Over the years our hometowns have hosted famous people and exciting events, but for attendance numbers and worldwide fame, nothing can match the 28th International Eucharistic Congress held at the St. Mary of the Lake Seminary in Mundelein, in 1926.
Eucharistic Congresses had been held by the Roman Catholic Church throughout the world since 1881 to celebrate Holy Communion and to encourage the people in their faith. The Congress that met in Mundelein was the first to be held in the United States, also marking the first time a papal representative, John Cardinal Bonzano, would visit this country.
Preparations began in 1924. Improvements were made throughout the grounds of St. Mary’s Seminary including the construction of five bridges over the lake for a spectacular procession which ended the Congress. The boat house and the stairs leading to the lakefront from the chapel were also constructed at this time.
The Eucharistic Congress took place June 20-23, 1926 in Chicago with masses held at Soldier Field for three days. The Congress ended on Thursday, June 24 with the Eucharistic Procession at St. Mary’s in Mundelein.
One of the biggest challenges of this last day of the Congress was how to transport hundreds of thousands of people 40 miles from Chicago to the middle of Lake County. A special train decorated in cardinal red carried the cardinals and other “princes of the church” to Mundelein on Wednesday afternoon to stay the night in the seminary buildings. Cardinal DuBois, French delegate to the congress, stayed with Samuel Insull at his estate on Milwaukee Avenue.
On Thursday morning the pilgrimage began in earnest. The North Shore electric trains ran from Chicago to Mundelein beginning at 4 a.m., leaving every two minutes. Trains on other lines were also busy. (LI 17 June 1926 p. 3) Major roads leading out of Chicago had been closed the night before and were now opened as one-way streets, all heading north. At the end of the day, they headed south..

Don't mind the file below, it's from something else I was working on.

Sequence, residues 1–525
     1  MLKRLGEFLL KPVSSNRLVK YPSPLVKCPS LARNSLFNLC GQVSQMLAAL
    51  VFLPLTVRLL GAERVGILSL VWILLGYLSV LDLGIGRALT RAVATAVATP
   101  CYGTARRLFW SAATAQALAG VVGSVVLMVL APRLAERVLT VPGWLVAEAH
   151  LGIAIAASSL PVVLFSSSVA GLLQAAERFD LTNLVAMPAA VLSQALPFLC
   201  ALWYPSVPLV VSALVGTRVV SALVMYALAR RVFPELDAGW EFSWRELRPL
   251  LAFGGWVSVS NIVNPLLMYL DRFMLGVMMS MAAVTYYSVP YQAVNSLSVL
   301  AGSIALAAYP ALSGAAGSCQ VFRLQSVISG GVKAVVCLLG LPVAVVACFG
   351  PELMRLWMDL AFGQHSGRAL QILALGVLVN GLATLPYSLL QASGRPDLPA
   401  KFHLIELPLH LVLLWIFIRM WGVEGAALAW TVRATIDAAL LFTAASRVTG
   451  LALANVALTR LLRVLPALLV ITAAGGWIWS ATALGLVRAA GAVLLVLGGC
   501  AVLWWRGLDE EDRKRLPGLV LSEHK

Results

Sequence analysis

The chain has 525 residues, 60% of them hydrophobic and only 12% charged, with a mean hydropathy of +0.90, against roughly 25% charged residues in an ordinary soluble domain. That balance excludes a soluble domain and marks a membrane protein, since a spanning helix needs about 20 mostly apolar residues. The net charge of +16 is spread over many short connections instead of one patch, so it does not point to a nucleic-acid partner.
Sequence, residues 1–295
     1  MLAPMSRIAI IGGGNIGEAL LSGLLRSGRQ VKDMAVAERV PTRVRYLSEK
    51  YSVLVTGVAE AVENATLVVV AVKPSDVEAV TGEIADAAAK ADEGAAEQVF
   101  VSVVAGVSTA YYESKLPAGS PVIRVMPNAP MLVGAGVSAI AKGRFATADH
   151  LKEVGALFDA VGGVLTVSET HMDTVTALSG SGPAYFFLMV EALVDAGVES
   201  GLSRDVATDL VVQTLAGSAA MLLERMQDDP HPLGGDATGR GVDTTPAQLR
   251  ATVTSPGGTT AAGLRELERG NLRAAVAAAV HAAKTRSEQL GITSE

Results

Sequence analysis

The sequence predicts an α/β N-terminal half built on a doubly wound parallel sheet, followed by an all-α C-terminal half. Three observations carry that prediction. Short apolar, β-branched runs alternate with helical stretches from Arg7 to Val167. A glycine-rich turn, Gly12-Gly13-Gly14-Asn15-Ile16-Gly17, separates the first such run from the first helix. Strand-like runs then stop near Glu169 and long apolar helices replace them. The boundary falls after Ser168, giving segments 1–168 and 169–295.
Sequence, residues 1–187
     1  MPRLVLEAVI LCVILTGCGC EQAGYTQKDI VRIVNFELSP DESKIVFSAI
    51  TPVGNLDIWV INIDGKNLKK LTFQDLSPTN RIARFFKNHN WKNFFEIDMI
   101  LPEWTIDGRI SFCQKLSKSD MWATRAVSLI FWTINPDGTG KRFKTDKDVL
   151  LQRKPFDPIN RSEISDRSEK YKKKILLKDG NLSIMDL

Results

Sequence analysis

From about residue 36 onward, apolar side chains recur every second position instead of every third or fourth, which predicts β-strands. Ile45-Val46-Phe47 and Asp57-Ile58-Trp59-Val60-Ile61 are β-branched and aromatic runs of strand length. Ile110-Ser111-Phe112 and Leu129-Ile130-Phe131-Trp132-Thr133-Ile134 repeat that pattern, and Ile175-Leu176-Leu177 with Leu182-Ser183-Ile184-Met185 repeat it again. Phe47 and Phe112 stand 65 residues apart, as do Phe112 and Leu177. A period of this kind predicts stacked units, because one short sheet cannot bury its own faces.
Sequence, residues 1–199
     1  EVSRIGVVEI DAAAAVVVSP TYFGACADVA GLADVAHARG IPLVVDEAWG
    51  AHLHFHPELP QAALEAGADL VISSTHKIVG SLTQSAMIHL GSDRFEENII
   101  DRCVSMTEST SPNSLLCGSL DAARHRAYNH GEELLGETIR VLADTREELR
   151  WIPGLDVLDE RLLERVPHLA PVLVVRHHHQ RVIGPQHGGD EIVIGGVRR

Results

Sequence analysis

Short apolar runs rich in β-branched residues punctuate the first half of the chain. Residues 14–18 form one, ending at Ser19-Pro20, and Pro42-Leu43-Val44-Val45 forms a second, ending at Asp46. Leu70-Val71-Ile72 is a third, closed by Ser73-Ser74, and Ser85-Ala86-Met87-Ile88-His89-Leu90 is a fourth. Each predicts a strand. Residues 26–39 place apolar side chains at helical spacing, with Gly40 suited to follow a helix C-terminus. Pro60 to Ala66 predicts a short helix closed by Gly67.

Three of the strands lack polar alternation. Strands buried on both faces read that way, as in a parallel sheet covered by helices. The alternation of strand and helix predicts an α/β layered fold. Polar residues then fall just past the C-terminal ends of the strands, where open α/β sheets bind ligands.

A huge canopied altar had been constructed on the steps of the Seminary chapel, with Cardinal Bonzano and eleven others seated on thrones flanking the altar. The festivities started at 10 a.m. as Cardinal Bonzano celebrated high mass wearing special vestments for the occasion. The service included a sermon by the archbishop of New York, Patrick Cardinal Hayes
The Eucharistic Procession, undoubtedly the high point of the Congress, closed the service. Following a three-mile path around the lake, the procession itself was two miles long. Cardinal Bonzano carried the Holy Sacrament accompanied by cardinals, archbishops and priests, All along the pathway throngs of people watched, prayed and sang in holy devotion.
Sometime during the procession the weather, which had been warm and sunny, turned into a torrential downpour accompanied by thunder, lightning, and hail. According to news reports at the time, “the solemn procession faltered not” and those who watched continued their prayers and songs. Within 30 minutes the storm abated and the sun returned.
Officials estimated that around 500,000 people came to Mundelein that day. In comparison, the opening ceremony of the Beijing Olympics in 2008 was attended by 91,000. Today this event has all but faded from memory, but in 1926 the 28th International Eucharistic Congress was the center of the Catholic world.
All images courtesy Libertyville-Mundelein Historical Society
“10,0000 Men Patrol Roads to Mundelein,” Chicago Daily Tribune, June 24, 1926, p. 2
“Cardinal at Insull Home,” Lake County Register, June 23, 1926, p. 1.
“Cardinals Go To Mundelein Today on Special Train,” Chicago Daily Tribune, June 23, 1926, p. 4.
“Crowd Roads to Mundelein,” Chicago Daily Tribune, June 24, 1926, p. 1.
“Estimate Crowd Half Million,” Libertyville Independent, July 1, 1926, p. 1.
“How North Shore Will Handle Crowd at Mundelein Event,” Libertyville Independent, June 24, 1926, sec. 2, p. 2.
“Many Flock to Lake County,” Lake County Register, June 26, 1926, p. 8
“Mighty Army of Peace Prays at Mundelein,” Chicago Daily Tribune, June 25, 1926, p. 1.
“Vast Throng Attends End of Congress,” Lake County Register, June 26, 1926, p. 1
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